Sculptures Bring 'Herstory' to Life

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The silenced voice of women and children transported to Van Diemen's Land has been unlocked through a poignant sculptural installation recently unveiled near Macq01 hotel in Hobart's Hunter Street.

The initiative of a small group of passionate Tasmanians, footsteps is a work of art five years in the making. Businessman John Kelly, Urban Designer Carole Edwards, Emeritus Professor of English Lucy Frost and Cultural Heritage Consultant Carole Edwards, worked tirelessly to bring this vision to life.

The sculptures of three convict women and a young child are 'inspired by the extraordinary lives of common women and children born into circumstances that found them at the centre of building a new nation'.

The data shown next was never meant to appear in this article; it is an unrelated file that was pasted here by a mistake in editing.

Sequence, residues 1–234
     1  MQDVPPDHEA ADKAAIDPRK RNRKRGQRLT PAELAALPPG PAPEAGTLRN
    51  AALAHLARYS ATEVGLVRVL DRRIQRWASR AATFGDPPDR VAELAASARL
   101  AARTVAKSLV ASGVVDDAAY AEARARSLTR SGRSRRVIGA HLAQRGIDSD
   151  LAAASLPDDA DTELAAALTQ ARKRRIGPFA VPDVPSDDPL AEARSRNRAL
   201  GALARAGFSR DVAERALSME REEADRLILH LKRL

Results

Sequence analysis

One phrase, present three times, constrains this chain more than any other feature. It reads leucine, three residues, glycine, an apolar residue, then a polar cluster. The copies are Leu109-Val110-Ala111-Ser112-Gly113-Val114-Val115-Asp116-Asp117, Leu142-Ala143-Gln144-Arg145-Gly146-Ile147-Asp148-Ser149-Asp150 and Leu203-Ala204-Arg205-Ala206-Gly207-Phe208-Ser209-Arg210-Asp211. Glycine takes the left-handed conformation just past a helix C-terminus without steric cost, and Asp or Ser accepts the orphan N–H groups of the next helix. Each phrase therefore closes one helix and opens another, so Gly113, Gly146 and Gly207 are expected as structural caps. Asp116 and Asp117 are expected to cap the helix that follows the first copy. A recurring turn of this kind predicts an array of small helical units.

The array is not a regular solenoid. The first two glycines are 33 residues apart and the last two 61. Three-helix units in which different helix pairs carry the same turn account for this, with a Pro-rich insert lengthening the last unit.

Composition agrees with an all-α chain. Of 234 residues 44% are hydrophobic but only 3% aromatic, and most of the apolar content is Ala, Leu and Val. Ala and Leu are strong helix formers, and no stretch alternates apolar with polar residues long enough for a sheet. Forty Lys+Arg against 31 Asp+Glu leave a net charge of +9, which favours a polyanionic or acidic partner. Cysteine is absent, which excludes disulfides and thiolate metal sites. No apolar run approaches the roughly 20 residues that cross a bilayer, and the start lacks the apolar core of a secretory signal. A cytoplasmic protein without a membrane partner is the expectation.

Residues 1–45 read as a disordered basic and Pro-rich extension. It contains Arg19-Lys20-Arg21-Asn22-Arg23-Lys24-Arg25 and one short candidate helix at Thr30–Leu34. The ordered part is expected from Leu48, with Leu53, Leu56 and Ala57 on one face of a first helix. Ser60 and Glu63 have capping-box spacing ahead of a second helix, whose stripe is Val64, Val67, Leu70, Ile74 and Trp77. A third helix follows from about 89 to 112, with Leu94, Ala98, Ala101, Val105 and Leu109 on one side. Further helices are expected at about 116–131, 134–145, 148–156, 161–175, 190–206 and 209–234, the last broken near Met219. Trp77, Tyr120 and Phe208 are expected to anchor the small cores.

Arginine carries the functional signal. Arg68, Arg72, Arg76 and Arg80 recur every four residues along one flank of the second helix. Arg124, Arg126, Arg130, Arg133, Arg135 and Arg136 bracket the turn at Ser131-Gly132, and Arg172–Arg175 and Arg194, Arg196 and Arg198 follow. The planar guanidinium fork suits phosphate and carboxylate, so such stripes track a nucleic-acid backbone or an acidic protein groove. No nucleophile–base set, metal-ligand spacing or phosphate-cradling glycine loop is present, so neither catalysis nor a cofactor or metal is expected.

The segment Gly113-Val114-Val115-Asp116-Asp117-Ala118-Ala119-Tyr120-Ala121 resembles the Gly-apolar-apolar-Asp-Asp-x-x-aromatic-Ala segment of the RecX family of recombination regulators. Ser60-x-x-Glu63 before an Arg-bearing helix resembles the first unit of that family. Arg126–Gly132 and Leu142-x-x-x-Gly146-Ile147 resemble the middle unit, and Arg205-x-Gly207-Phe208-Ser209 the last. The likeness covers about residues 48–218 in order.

The siting of the installation reconnects this story of international significance to the 'very ground that the women and children walked as they reached their destination and stepped forward into a life unknown'.

Crafted by renowned Irish artist Rowan Gillespie, each figure has a story: the young and healthy woman who might have a better life under sentence in Van Diemen's Land than in a prison at home; the grieving woman compelled to leave behind forever her children; the woman who give birth on board the sailing ship; and the young boy separated from his mother with no idea what will happen to him.

The project was supported by hundreds of contributors including major sponsorship from the Vos Family Foundation, the Hobart City Council, the Sisters of Charity and Ms Ros Escott and John Coates.  The Tasmanian Government contribution through the Community Infrastructure Fund assisted with the installation and lighting of the sculptures.

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